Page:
- Contributed by
- Leicestershire Library Services - Coalville Library
- People in story:
- Mary Parsons
- Location of story:
- Background to story:
- Article ID:
- Contributed on:
- 23 March 2005
"This story was submitted to the People's War site by Lisa Butcher of Leicestershire Library Services on behalf of Mary Parsons and has been added to the site with her permission. The author fully understands the site's terms and conditions."
I was two and a half when the Second World War began. I lived with my mum, dad and sister, Jean in Leicester. Dad joined the army as soon as war was declared. He had been in the Territorial Army for seven years before the war. He became 4858084 Private Kirk. D. I started school when I was three and a half at Slater Street Primary School. In the first nursery we played. When I was four I moved into the big nursery where we learned to count and add up etc. I could read before I was four. My first real reading book was Alice in Wonderland. It was 94 pages long.
While I was at school there were lots of air raid warnings. The school had two underground shelters and we all went into them until the all-clear sounded. We couldn’t have normal lessons so we had spelling tests, time’s tables and mental arithmetic. We also sang and recited poetry we had memorised. If the sirens went when we were at home we went into the shelter in front of our house which we shared with our neighbours.
Everything was rationed but we always seemed to have enough to eat. If we had jam on our bread we didn’t have butter or margarine. To save sugar we had jam in milk puddings and golden syrup on our breakfast porridge which was made with water. We went blackberry picking in season and my mum made jam with windfall apples which she bought from an orchard in Groby Road. Sometimes when dad came home on leave he would bring fruit such as plums and pears and mum would bottle them or make jam. She would also make green tomato chutney and pickled onions. Everything had to be preserved like that as we didn’t have fridges or freezers. We listened to the radio most days as there was no TV. We also went to the cinema at least once a week. We didn’t see dad very often as he was on Searchlights and Anti-Aircraft near Exeter.
When I was nearly six I had a major operation and when I was better we all went to spend a holiday on a farm in Devon near where Dad was stationed. It was our first and last holiday of the war. I used to help mum by doing the shopping. I knew the shops where mum was registered for meat and bacon. Sometimes the butcher would have sausages and he would let me have three, one each. I also need to take the money for the coal as sometimes when it was delivered mum’s allowance from the Army hadn’t come.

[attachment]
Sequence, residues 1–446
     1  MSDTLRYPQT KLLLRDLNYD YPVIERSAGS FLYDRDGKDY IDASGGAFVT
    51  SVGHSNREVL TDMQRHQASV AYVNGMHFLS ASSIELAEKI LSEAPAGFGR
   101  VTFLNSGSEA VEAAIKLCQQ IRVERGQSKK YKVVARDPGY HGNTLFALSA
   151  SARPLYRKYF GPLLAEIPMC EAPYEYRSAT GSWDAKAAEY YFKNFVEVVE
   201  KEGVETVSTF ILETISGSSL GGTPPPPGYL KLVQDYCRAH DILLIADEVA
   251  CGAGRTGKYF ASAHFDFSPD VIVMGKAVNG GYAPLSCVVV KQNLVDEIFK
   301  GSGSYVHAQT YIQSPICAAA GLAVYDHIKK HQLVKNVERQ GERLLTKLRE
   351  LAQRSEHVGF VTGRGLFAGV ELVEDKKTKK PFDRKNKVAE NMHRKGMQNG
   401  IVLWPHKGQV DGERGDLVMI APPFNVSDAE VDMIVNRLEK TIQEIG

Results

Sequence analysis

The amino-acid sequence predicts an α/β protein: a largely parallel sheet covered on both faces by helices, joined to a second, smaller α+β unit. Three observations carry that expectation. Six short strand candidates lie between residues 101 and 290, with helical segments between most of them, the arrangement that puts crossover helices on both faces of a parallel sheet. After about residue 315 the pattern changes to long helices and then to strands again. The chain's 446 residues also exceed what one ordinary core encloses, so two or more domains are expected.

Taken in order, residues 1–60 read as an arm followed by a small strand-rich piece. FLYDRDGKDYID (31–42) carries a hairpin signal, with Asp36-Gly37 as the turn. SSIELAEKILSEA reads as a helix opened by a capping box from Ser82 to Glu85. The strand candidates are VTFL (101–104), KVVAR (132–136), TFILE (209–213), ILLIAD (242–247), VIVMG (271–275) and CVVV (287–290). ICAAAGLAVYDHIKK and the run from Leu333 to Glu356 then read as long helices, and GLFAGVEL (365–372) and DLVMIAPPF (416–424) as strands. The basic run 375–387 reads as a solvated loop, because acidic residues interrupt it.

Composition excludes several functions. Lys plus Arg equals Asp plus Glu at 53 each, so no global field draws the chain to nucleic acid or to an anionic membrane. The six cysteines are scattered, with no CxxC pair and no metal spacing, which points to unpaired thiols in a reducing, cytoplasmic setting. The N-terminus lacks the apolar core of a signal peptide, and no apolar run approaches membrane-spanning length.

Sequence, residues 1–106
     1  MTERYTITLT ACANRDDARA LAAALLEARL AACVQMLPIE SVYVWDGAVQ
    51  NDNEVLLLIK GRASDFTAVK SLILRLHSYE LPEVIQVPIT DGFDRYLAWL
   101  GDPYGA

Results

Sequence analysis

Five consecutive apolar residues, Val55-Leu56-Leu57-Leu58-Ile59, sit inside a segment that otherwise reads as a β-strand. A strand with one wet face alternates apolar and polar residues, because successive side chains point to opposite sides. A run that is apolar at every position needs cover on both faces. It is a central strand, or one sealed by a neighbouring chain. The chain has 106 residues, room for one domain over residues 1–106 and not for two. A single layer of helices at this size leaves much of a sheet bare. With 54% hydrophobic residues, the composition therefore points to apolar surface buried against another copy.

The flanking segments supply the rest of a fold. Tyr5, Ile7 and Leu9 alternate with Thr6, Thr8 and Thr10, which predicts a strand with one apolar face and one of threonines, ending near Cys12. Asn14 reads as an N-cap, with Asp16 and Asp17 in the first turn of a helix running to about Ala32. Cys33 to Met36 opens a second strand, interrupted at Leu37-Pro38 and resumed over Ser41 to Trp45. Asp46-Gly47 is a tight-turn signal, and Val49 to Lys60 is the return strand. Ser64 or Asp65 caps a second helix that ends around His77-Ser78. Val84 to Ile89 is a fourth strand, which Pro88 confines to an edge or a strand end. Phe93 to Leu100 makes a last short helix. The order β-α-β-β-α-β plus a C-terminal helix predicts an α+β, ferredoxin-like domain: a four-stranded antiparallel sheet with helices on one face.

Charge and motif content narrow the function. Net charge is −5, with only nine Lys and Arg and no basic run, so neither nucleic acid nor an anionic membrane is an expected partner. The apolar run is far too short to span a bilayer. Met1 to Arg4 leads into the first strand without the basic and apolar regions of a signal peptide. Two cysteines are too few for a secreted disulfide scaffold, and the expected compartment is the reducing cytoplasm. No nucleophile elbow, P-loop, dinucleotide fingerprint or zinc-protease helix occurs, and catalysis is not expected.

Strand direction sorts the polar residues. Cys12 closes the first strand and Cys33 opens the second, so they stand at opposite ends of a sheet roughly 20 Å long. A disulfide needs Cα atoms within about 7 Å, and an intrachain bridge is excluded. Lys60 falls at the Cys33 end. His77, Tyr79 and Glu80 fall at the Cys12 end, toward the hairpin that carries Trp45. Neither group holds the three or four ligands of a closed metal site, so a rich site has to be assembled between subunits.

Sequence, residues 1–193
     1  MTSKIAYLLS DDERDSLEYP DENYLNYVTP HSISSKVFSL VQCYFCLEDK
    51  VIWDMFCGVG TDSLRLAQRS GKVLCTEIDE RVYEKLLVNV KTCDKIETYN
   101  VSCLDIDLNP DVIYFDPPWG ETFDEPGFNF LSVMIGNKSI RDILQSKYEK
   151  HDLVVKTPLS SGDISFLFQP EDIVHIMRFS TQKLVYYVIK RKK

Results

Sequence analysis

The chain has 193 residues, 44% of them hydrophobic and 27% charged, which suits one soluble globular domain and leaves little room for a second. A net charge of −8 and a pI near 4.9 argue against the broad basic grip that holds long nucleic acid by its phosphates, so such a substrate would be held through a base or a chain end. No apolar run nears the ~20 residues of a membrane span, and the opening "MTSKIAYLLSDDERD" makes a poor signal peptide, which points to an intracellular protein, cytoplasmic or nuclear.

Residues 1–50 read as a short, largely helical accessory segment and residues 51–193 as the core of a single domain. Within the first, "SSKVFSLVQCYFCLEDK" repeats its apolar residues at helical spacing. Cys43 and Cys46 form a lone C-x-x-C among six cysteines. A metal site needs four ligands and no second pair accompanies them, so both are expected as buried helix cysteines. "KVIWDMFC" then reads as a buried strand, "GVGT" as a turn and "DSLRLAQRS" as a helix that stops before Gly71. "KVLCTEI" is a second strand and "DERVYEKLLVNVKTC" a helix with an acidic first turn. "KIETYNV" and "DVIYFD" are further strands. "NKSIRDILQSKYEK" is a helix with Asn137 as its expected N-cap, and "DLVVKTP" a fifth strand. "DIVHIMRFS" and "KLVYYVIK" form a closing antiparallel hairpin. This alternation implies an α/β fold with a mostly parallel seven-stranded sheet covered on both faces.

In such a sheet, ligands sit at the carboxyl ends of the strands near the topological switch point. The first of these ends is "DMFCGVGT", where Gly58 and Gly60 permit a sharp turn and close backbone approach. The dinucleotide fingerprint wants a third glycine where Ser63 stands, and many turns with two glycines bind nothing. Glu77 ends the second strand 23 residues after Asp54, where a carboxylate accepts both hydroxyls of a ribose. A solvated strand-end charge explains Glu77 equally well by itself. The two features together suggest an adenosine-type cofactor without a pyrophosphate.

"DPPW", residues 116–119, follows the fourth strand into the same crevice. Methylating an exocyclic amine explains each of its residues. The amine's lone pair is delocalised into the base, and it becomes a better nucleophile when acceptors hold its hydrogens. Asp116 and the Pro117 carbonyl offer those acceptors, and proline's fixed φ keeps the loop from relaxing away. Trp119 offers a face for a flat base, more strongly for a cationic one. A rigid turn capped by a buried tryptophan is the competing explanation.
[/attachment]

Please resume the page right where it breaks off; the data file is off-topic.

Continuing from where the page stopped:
Until my sister started school mum looked after two boys whose mum worked in Munitions. After Jean went to school our mum went to work in a factory, and we were looked after by a neighbour until mum came home from work. Sometimes in the school summer holiday we would go to Bradgate Park for the day. We would take a picnic lunch and have a great time being able to run and play in the sun and fresh air. We lived in a street behind the Great Central Railway Station, in a little house, with no water inside and no bathroom. There was one cold water tap in the yard which was used by all the nine houses in the court and we shared an outside toilet with the neighbours at number 7. We lived at number 6. For a long time the only lights we had were gas lights. My parents had electricity connected in 1950. We lived in that house until December 1958. That area of Leicester is now an industrial estate.
At least once a week we went to Abbey Park to play on the swings, roundabouts, slides and seesaws. There was also a sandpit and paddling pool. It was always crowded but there was never any trouble.
Every year at Christmas we made paper chains and decorated our home. We had a small tree. There weren’t many presents but Jean and I always had a doll each, an annual, some chocolate and fruit, sometimes mum had managed to get an orange for Jean as well as an apple. I didn’t like oranges so I had two apples.
For dinner we had rabbit. My Uncle Tom bred rabbits for eating and he gave us one every Christmas. Mum stuffed it and roasted it and it tasted really good. There was always a Christmas pudding as well. After dinner we listened to the King’ speech on the radio. Then we played games, snakes and ladders, ludo, snap and happy families.
If we were very, very lucky, dad was on leave at Christmas and then it was great but he always went back on 28th December which was his birthday. We used to wish him a happy birthday and a safe journey back to where he was stationed.
We didn’t bother much about birthdays. We had a card and usually a book or a game. Mum would save her sugar ration and make some small cakes and open a jar of fruit that she had bottled the summer before.
I was going to be evacuated to some friends of dad’s in Canada. But the ship before the one I was going on was torpedoed and all the children were drowned so mum wouldn’t let me go. I think the government stopped sending children that way because of the danger. We sometimes got food parcels from those friends. It was like a real Christmas. Currants, sultanas, raisins, tins of fruit and meat and always a birthday cake for Jean and me. If it had been sent okay it used to arrive in March. Jean’s birthday is in February and mine is in April so we had a joint party when the parcel arrived.
The most interesting thing to remember today is that for most children everything that happened, rationing, air raids and blackouts were all we knew. We weren’t old enough to know what life was like before the war, and we were too young to wonder what it would be like afterwards.
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